(New York Premiere)
This lovely and loving documentary is a tribute to Japanese dancer and choreographer Suzushi Hanayagi. Born Mitsuko Kiuchi in 1928, she began her training in the Hanayagi dance tradition at the age of four. She took the name Suzushi Hanayagi at age twenty.
She knew the music of John Cage in the 1950s while still in Japan. In the early '60s, she came to the United States and studied at the Martha Graham School. But she looked for something post-modern, beyond the formula of the Graham technique. She associated with the members of the Judson Dance Theater, an informal group of dancers who perfomed at the Judson Memorial Church in Greenwich Village. She became a friend and collaborator with Carla Blank and, later, Robert Wilson.
In 1969, pregnant with her son Ascenda Kiuchi, she returned to Japan. The ensuing years found her performing and choreographing not only in Japan and New York, but elsewhere around the world. Suzushi, as everyone in the films calls her, is now afflicted with Alzheimer's disease and currently lives in a nursing home in Osaka. One of the most touching segments of the film is Wilson visiting her, and later talking about that visit. (My eyes tear up again now as I recall this segment in order to write of it.)
Wilson and Carla Blank created "KOOL-Dancing In My Mind," a performance portrait inspired by Suzushiand. It includes reconstructions of some of her choreography and is intended to provide a reminder of her importance in post-modern dance. Portions of it are shown in the film.
|Suzushi (seated, left) with David Byrne next to her and Robert Wilson, standing at right|
As one of her associates in the film says, Suzhshi became "a creator of the space around her." For some time she was rather perplexed by the dichotomy of her traditional Japanese dance training and her involvement with Western avant-guarde dance movement. After studying Zen, she came to realize that this was her nature and that, for her, the two worlds were one.
The Space in Back of You provides video clips and still photographs of Suzushi's artistic life and, to a lesser degree, her personal life. There are interviews with Wilson, David Byrne (who provided the music for several Suzushi/Wilson collaborations, as well as "KOOL-Dancing In My Mind") and many others who knew and worked with her.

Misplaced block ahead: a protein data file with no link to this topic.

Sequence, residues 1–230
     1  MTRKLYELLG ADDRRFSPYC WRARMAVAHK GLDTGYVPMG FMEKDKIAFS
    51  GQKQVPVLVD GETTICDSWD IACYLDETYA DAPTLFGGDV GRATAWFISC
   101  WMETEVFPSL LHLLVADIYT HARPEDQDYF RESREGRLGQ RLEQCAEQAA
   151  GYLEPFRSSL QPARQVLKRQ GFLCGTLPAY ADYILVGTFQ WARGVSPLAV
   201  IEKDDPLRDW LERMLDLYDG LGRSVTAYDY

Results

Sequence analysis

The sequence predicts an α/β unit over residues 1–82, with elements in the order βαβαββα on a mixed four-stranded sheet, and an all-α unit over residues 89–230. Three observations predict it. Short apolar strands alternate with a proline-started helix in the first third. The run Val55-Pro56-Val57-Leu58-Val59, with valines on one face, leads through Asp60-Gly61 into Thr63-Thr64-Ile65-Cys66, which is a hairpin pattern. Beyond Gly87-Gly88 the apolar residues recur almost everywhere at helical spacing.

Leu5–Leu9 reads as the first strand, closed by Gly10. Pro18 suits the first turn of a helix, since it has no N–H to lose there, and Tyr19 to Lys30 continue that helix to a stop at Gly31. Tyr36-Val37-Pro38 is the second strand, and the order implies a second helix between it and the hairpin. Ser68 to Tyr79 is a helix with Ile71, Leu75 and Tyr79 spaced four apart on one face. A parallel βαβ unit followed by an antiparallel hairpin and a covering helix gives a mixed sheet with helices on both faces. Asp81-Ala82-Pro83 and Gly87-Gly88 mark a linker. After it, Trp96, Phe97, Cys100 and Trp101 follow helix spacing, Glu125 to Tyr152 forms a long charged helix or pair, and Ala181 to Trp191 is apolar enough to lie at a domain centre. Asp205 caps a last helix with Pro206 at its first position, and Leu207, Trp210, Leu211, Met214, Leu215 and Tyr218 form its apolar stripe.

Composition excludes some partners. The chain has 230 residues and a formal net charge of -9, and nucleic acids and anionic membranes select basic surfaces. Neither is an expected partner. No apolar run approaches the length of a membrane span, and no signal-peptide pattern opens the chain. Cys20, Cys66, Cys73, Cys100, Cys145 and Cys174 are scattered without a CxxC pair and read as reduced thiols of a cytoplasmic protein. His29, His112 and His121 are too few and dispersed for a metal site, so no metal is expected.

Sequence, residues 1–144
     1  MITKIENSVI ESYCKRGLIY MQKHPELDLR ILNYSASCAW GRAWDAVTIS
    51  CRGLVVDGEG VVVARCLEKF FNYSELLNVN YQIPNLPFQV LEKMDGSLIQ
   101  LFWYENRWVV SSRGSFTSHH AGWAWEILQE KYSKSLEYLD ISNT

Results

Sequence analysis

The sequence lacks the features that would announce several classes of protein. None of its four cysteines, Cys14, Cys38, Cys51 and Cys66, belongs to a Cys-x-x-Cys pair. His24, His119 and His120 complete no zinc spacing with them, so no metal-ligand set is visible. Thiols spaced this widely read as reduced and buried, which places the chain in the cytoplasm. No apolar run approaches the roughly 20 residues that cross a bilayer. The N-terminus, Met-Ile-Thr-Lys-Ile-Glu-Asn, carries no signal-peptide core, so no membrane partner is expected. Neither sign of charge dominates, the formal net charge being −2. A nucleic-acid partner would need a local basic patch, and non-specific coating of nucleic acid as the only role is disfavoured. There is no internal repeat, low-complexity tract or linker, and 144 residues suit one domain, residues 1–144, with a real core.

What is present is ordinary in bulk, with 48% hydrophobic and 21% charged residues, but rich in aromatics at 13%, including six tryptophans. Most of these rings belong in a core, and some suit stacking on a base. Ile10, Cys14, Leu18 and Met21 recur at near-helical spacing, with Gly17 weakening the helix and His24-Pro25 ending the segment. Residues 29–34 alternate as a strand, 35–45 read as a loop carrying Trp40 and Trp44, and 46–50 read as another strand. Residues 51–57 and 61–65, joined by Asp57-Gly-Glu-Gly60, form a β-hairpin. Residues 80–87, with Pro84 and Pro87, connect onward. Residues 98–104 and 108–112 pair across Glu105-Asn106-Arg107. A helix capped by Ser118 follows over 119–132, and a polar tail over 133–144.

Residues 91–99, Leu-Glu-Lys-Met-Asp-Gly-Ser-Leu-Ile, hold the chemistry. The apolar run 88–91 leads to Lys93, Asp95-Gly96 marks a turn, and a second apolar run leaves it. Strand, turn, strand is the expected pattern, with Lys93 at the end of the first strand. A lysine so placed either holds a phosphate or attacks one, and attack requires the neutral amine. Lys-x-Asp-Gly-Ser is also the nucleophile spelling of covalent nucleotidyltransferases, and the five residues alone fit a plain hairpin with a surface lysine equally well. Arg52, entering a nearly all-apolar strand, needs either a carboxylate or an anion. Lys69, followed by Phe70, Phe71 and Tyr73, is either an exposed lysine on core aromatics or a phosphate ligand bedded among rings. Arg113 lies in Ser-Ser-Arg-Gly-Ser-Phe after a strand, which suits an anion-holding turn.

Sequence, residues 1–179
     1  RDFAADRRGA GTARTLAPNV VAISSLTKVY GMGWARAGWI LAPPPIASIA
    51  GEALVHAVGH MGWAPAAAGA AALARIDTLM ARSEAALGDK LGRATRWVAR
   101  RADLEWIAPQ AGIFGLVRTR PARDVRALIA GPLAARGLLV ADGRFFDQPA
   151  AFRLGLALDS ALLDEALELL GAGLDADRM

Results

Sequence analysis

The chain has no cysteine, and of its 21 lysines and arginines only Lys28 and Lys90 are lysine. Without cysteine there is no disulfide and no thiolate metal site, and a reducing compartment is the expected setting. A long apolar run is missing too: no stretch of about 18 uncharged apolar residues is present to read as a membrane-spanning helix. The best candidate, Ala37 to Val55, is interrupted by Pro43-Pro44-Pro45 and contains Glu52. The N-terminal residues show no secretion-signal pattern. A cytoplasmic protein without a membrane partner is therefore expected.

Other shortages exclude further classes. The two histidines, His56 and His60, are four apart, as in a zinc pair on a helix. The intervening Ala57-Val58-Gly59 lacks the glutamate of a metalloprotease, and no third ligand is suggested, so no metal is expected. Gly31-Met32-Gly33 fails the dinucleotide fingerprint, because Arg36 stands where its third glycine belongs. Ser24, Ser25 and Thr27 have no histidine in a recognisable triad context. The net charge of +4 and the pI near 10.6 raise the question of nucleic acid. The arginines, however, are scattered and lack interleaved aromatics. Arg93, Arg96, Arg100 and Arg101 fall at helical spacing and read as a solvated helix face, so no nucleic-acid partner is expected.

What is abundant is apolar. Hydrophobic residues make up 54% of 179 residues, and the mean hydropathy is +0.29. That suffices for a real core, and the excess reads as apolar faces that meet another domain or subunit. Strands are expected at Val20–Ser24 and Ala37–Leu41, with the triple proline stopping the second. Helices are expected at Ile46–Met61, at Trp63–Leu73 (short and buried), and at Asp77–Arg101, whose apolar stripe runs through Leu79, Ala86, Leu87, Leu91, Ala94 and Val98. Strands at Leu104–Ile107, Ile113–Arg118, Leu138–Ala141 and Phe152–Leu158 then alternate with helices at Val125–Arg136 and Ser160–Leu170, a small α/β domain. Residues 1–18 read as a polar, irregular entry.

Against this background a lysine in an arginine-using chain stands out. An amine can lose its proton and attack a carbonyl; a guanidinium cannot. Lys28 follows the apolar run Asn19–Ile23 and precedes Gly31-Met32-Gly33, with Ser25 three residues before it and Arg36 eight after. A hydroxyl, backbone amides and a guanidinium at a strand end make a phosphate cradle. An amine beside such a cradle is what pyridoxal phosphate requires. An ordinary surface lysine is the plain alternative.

|Suzushi being visited recently by Robert Wilson|
The Space in Back of You (the title comes from her admonition to pay attention to it because it is more important than the space in front) should be seen by anyone with an interest in Japanese dance, in post-modern Western dance, or in learning about an incredibly talented woman who has left her mark not only in the world of dance, but also in the hearts of those lucky enough to have known her.
A Q&A with director Richard Rutkowski will follow both screenings.
Film and ticket information here. For the official website for The Space in Back of You, click here.
The two screenings will be preceded by La femme à la cafetière (1989). Inspired by a painting of the same title by Paul Cézanne, Robert Wilson wittily conveys the boredom of the figure within the frame, as she passes her time, nibbling sweets, unmoved by the changes around her until she must relinquish her place to a successor., The piece was performed by Suzushi Hanayagi and Consuelo de Haviland and co-produced by the Musèe d'Orsay, INA, and La September.
The Space in Back of You screenings are part of the 40th Dance on Camera Festival, which begins today, Friday, January 27th, and runs through Tuesday, January 31st.